Apologies, I wasn’t meaning to imply that there was anything wrong with the theory you’ve been putting forward; it just occurred to me that if you interpret hateful comments present on a board as “visible damage”, and moderators removing those comments as people “fixing” that visible damage, then it seems like a very similar argument, and thought I’d put that out there to see what people thought.
And yes, the “broken windows” theory of crime isn’t very popular right now, at least among folks who like evidence. But there’s still something about the idea that makes it seem intuitively logical, like it ought to be true. And maybe it is, for virtual worlds. (And perhaps for the real world as well; perhaps any effect was simply lost amidst the larger, nationwide crime-rate plummet which was happening at the same time. I guess we don’t really know for sure whether it might have had a weak effect. And I’m absolutely not advocating for it to be tried again in order to find out; I think we all saw the serious problems that came from that style of enforcement the first time.)
I don’t have a better solution to suggest; benevolent-dictator moderators absolutely do seem to be the most effective current method of keeping discourse civil… but we haven’t actually seen many of those in online worlds which aren’t discussion boards. I don’t know how you can wrangle enough moderators to moderate (for example) League of Legends. Or whether that would even work. Riot and Blizzard have both been playing with algorithmic approaches to trying to reduce the toxicity of their player bases, but my impression has been that not a lot has really changed. It often seems like once you have enough people to overwhelm the moderation staff, civility breaks down.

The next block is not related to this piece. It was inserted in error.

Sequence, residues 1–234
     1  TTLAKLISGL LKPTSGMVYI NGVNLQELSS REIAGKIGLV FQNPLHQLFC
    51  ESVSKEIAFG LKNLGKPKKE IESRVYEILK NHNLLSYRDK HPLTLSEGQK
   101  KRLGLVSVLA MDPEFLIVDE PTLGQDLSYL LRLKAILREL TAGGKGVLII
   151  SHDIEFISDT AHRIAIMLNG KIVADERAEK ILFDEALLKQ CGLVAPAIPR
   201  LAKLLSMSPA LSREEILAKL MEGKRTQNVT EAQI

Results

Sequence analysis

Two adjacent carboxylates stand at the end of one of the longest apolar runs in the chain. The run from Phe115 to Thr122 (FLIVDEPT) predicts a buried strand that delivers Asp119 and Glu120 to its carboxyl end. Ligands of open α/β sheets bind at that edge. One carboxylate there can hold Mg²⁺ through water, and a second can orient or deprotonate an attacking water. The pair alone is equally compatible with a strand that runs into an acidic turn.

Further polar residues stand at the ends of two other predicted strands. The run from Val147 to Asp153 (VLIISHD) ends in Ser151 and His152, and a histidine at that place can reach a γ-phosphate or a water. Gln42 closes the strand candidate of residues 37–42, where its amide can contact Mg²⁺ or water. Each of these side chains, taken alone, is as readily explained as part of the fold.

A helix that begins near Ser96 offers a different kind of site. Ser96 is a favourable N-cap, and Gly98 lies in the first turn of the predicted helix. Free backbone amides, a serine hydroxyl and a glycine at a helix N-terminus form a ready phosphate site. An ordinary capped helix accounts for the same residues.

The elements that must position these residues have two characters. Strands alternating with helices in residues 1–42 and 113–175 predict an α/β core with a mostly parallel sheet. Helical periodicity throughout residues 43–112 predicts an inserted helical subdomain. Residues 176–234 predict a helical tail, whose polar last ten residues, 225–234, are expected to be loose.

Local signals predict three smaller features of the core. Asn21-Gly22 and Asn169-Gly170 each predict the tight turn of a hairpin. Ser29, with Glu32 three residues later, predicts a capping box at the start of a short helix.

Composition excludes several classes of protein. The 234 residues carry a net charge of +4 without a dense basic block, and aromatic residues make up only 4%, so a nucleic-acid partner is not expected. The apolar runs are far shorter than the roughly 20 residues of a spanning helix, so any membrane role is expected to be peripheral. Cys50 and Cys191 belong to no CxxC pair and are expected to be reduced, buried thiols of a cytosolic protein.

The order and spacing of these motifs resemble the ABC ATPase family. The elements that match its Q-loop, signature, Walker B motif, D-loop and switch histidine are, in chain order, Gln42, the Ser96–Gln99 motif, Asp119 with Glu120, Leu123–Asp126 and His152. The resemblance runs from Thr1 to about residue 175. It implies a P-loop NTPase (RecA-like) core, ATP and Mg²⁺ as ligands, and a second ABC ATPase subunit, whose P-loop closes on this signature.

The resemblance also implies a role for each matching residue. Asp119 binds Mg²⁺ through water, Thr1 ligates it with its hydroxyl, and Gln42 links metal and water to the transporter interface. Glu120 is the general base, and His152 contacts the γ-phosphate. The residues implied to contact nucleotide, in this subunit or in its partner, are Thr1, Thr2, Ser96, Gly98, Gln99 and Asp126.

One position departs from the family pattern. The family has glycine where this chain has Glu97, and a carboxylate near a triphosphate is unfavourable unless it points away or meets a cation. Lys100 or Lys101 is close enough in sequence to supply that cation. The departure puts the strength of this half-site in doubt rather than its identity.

My impression has been that once a community reaches a large enough size, it becomes a target for people who want to exploit it for their personal amusement. The single thing in common between the nicest communities I’ve been a part of are (a) they’re small enough for everyone to know everyone else, and (b) they have moderators to maintain the peace. And you can even often get away without the moderators, if the community is particularly small.